If it was a big victory for Verizon Communications — the only challenger of the rule —it was the best example of a Pyrrhic victory since Pyrrhus, former FCC chairman Reed Hundt said last week. He pointed out the court gave the FCC several ways to recraft the rules.

The court went to great lengths to say the FCC had justified its authority to regulate broadband access in the interests of insuring the legislative mandate that broadband was deployed to all Americans in a reasonable and timely fashion under Section 706 of the Communications Act. It said the FCC’s problem was in trying to impose common carrier-like obligations without reclassifying the service, which it said was clearly a violation of the law.

After five successive conclusions that broadband was being deployed in a reasonable and timely fashion, the FCC in 2010, under Julius Genachowski, concluded that it was not, citing its increased speed requirements. The FCC used that conclusion to justify the order.

While the court said the timing was suspicious, the FCC’s argument for why preventing discrimination and blocking of edge providers would promote deployment was reasonable. “Questionable timing, by itself, gives us no basis to reject an otherwise reasonable finding, “ Judge David Tatel wrote for the majority — the decision was unanimous, with the only partial dissent by judge Laurence Silberberg, who thought the court should not have been so quick to uphold the FCC’s authority to regulate broadband.

In fact, for what was being slammed by many net neutrality advocates as a big victory for big ISPs, the court opinion was fi lled with plenty of ammunition the FCC could use if it chooses to reclassify broadband on remand.

That reclassification was viewed by cable operators as the “nuclear option,” and was the reason the National Cable & Telecommunications Association was at the table when the compromise Open Internet Order was crafted in 2010.

NCTA president Michael Powell warned last week that Title II would be applying thousands of pages of regulations to the Internet.

Cable operators were quick to assure all within earshot last week that they were not now blocking and degrading content, and that the decision would have no impact in that regard. But that did not stop net-neutrality advocates from predicting the end of the open Internet and House and Senate Democrats from threatening legislation.

Wheeler was keeping his options open. In the run-up to the decision, he did not close the Title II docket, which his predecessor had left open. And last week he said he remained committed to preserving an open Internet. “We will consider all available options, including those for appeal, to ensure that these networks on which the Internet depends continue to provide a free and open platform for innovation and expression, and operate in the interest of all Americans,” he said.

Jeff Baumgartner contributed to this report.

A U.S. appeals court vacated the FCC’s network-neutrality rules, but left the door open for their return under different legal justification.

Pledge of Openness Allegiance

WASHINGTON — Internet-service providers last week were pledging to keep on keeping on providing an open and nondiscriminatory Internet experience to their customers in the wake of a federal court’s decision to vacate the heart of the FCC’s Open Internet Order.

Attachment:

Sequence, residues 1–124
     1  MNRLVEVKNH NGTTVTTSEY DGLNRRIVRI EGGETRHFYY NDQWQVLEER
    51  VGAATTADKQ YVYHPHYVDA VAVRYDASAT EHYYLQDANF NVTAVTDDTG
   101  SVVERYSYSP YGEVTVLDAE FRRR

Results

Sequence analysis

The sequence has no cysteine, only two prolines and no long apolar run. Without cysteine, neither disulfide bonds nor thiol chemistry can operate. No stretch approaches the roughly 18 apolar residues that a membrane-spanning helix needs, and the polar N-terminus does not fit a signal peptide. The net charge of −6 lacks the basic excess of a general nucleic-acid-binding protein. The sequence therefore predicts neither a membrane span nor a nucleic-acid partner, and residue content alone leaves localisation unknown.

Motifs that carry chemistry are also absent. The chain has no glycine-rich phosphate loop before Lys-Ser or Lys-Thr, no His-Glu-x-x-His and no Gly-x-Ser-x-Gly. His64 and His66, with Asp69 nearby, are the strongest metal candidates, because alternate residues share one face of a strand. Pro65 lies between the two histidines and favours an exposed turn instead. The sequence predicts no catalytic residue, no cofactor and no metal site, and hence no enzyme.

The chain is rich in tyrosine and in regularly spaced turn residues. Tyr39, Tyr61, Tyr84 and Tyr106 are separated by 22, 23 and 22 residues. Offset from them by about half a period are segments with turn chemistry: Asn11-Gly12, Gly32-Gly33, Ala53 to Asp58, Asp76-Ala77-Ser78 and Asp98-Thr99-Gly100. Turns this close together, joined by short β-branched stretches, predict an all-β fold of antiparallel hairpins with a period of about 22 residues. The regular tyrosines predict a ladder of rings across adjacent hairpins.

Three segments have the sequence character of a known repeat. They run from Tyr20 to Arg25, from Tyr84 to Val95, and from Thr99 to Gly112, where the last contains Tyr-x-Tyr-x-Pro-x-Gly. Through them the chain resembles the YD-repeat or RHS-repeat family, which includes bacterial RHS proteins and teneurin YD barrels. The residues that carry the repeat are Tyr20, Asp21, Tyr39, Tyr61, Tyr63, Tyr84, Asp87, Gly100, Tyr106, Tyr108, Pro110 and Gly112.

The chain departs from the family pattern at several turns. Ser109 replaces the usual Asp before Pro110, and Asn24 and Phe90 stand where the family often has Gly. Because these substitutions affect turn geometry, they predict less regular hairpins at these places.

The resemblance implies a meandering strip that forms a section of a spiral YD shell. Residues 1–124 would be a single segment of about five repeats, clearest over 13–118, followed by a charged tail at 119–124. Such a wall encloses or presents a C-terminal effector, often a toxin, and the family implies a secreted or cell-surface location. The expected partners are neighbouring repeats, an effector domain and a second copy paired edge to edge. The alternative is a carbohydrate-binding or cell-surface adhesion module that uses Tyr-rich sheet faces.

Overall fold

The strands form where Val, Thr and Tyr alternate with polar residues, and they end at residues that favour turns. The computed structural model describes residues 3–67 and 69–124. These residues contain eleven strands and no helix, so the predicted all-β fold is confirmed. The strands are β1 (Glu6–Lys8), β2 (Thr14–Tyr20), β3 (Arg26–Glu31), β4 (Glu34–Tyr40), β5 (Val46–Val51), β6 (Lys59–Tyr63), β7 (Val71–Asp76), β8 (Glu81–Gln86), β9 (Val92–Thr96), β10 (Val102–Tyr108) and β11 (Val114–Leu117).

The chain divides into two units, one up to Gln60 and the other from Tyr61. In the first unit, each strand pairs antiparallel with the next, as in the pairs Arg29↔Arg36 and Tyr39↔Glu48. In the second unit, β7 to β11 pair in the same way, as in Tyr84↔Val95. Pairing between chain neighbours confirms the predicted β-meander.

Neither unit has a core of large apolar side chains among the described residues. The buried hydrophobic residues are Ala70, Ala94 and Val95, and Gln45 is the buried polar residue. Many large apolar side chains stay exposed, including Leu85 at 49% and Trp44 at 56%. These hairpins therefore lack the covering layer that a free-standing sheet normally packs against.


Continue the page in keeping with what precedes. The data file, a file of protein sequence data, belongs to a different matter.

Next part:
National Cable & Telecommunications Association: “The cable industry has always made it clear that it does not — and will not — block our customers’ ability to access lawful Internet content, applications or services. We look forward to working with Chairman Wheeler and the FCC on ensuring that American consumers will continue to enjoy a fast, robust and open Internet experience.”

American Cable Association: “ACA has long held that adopting Open Internet rules was unnecessary because its members had been operating and would continue to operate in conformity with the FCC’s 2005 Open Internet principles,” ACA president Matt Polka said. “That remains true today regardless of the court’s decision.”

Comcast: “Comcast has consistently supported the Commission’s Open Internet Order as an appropriate balance of protection of consumer interests while not interfering with companies’ network management and engineering decisions. As a result, we agreed in the NBCUniversal Transaction Order to abide by the Open Internet rules for seven years even if the rules were modifi ed by the courts. We remain comfortable with that commitment because we have not — and will not — block our customers’ ability to access lawful Internet content, applications or services.”

Time Warner Cable: “Since pioneering the development of high-speed broadband service in the late 1990s, Time Warner Cable has been committed to providing its customers the best service possible, including unfettered access to the Web content and services of their choice .This commitment, which long precedes the FCC rules, will not be affected by today’s court decision.”

Verizon: “One thing is for sure: Today’s decision will not change consumers’ ability to access and use the Internet as they do now. The court’s decision will allow more room for innovation, and consumers will have more choices to determine for themselves how they access and experience the Internet. Verizon has been and remains committ ed to the open Internet, which provides consumers with competitive choices and unblocked access to lawful websites and content when, where, and how they want.”

— John Eggerton

Contributing editor John Eggerton has been an editor and/or writer on media regulation, legislation and policy for over four decades, including covering the FCC, FTC, Congress, the major media trade associations, and the federal courts. In addition to Multichannel News and Broadcasting + Cable, his work has appeared in Radio World, TV Technology, TV Fax, This Week in Consumer Electronics, Variety and the Encyclopedia Britannica.